Section 31 (1) No one may act as a prosecutor in criminal proceedings,

  1. a) who has acted as a judge in the case, or a relative of a judge acting or having acted in the case,
  2. b) who is or has been involved in the case as a defendant or a defence counsel, or a victim, a private accuser, a substitute private accuser, private party, informant or the representatives thereof, further, the relatives of the above,
  3. c) who is or has been involved in the case as a witness, expert or advisor,
  4. d) who cannot be expected to form an unbiased opinion for other reasons.

(2) The prosecutor having conducted the investigation or performed investigative actions, has filed the indictment or represented the charge in the underlying offence may not participate in the re-trial procedure.

(3) It shall not constitute a ground for exclusion, if the prosecutor has filed a denunciation on a criminal offence coming to his cognisance within his official competence.

(4)[89] With the exception of the Supreme Prosecutor’s office, when a ground for exclusion regulated in subsection (1) a) or b) exists in respect of the head or deputy head of the prosecutor’s office, the given prosecutor’s office may not act in the case.

(5)[90] When a ground for exclusion regulated in subsection (1) a) or b) exists in respect of the county prosecutor general or his deputy, the local prosecutor’s office located in the area of the county prosecutor general’s office may not act in the case.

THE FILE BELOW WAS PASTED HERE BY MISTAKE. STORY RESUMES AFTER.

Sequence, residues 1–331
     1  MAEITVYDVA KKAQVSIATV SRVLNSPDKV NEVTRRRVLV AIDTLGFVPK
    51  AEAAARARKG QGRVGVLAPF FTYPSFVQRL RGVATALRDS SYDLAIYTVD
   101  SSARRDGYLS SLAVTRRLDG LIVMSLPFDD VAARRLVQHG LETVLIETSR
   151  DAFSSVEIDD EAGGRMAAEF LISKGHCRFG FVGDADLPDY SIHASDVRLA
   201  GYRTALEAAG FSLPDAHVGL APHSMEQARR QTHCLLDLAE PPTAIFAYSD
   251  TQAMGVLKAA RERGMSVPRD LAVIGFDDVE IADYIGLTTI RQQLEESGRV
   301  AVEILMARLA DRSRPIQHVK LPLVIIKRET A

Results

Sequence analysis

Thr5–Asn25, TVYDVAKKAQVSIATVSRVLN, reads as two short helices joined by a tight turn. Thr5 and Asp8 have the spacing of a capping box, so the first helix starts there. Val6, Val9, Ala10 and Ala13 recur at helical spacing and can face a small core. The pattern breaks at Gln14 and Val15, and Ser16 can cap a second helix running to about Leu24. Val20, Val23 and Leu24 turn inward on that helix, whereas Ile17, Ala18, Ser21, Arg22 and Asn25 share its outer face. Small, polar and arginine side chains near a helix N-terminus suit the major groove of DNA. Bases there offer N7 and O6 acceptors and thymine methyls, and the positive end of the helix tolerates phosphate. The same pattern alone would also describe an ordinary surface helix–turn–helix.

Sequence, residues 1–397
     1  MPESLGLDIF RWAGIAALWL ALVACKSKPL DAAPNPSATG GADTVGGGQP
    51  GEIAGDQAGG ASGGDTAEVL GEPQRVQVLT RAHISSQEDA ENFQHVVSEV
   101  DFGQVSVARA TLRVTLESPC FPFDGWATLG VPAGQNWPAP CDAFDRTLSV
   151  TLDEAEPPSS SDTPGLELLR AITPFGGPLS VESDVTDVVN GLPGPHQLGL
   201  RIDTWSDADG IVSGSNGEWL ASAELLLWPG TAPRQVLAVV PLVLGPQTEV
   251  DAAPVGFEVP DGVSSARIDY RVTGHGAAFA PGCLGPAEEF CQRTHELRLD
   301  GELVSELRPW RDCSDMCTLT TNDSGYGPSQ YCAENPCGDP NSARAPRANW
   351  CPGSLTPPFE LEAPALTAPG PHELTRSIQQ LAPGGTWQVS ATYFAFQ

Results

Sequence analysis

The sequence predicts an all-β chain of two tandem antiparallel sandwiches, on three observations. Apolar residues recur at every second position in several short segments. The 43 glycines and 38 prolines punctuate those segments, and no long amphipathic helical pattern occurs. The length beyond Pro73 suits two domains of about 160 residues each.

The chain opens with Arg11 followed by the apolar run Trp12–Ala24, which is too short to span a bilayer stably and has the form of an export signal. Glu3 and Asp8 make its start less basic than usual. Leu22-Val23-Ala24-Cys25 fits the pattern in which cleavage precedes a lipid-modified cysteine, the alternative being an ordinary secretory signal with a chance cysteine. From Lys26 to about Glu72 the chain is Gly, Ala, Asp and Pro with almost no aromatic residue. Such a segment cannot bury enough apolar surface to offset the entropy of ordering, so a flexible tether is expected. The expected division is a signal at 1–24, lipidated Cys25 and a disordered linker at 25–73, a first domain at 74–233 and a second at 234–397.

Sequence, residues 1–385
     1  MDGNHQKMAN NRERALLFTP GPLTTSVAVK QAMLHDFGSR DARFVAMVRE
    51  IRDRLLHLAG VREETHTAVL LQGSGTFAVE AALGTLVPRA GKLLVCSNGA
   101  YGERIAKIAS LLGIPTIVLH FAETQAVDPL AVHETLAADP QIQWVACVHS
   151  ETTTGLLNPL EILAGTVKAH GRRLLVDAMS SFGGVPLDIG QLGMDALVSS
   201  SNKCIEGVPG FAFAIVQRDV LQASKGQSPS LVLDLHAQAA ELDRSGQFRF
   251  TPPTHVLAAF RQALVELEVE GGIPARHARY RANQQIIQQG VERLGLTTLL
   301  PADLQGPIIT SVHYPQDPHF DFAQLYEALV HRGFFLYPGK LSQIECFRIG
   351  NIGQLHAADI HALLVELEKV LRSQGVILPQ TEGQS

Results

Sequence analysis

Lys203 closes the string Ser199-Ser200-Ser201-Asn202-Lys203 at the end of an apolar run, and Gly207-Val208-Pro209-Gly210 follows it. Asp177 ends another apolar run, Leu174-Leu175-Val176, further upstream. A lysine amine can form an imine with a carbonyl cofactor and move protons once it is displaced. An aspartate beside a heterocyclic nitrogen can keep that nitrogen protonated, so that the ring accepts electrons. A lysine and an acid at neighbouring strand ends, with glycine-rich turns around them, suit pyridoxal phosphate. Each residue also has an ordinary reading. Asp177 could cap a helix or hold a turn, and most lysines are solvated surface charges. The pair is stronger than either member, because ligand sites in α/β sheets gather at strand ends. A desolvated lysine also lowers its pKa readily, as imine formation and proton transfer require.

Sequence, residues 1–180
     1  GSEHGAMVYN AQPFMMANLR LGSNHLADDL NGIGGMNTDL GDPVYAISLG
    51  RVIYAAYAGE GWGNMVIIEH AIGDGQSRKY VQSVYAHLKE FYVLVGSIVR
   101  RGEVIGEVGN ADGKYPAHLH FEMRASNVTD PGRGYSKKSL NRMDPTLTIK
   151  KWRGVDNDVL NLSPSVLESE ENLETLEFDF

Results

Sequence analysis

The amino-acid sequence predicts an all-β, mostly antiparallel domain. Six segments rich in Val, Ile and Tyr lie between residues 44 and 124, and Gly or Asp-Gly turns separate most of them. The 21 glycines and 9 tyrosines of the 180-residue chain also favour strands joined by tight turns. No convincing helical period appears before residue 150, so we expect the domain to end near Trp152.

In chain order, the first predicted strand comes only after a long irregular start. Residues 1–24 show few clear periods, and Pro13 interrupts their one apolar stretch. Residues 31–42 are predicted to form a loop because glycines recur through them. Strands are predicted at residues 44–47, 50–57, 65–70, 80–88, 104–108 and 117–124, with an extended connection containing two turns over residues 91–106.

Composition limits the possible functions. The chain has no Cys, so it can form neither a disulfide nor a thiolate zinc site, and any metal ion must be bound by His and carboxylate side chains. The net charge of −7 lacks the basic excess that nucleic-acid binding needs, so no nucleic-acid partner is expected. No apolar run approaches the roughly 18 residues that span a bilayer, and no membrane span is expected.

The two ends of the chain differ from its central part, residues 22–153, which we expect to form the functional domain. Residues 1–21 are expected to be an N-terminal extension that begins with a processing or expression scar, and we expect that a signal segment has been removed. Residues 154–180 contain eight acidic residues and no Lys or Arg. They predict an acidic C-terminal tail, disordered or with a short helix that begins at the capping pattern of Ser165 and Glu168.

Section 32 (1)[91] The prosecutor affected by a ground for exclusion shall immediately notify the head of the prosecutor’s office thereof. From the time of the notification of a ground for exclusion, the prosecutor may not act in the case.

(2)[92] The ground for exclusion may also be reported by the defendant, the defence counsel, furthermore, by the victim, the private accuser, the substitute private accuser, the private party, and the representatives thereof.

(3)[93] Upon gaining cognisance of a ground for exclusion, the head of the prosecutor’s office shall initiate the exclusion of the prosecutor ex officio.

(4)[94] If the ground for exclusion is not reported by the prosecutor himself, the prosecutor may proceed in the case until the motion is given effect, however – with the exception of a ground for exclusion regulated in Section 31 (1) d) – he shall have no power to dismiss a denunciation, terminate the investigation, apply coercive measures, file an indictment or represent the charge.

(5)[95] The decision on the exclusion of the prosecutor and the head of the local prosecutor’s office located at the seat of the county prosecutor general’s office, furthermore the prosecutor of the prosecutor general’s office shall be adopted by the prosecutor general. The decision on the exclusion of the prosecutor general and the prosecutor of the supreme prosecutor’s office shall be adopted by the Supreme Prosecutor. If the prosecutor general is affected at the same time by the request for exclusion of the prosecutor and the head of the local prosecutor’s office, furthermore the prosecutor of the prosecutor general’s office, then the exclusion shall be decided by the Supreme Prosecutor.

(6)[96] The prosecutor decides on the complaint which was filed in the course of the mediation process controlled by separate law against the decision refusing to exclude the mediator by applying Section 32 (1)-(5) implicitly.

 

Section 33 [97](1) The restriction set forth in subsection Section 32 (4) shall not apply to the prosecutor, if after the dismissal of the first motion, the same party makes a further motion for the exclusion of the prosecutor referring to the same item of Section 31 (1) or to Section 31 (2).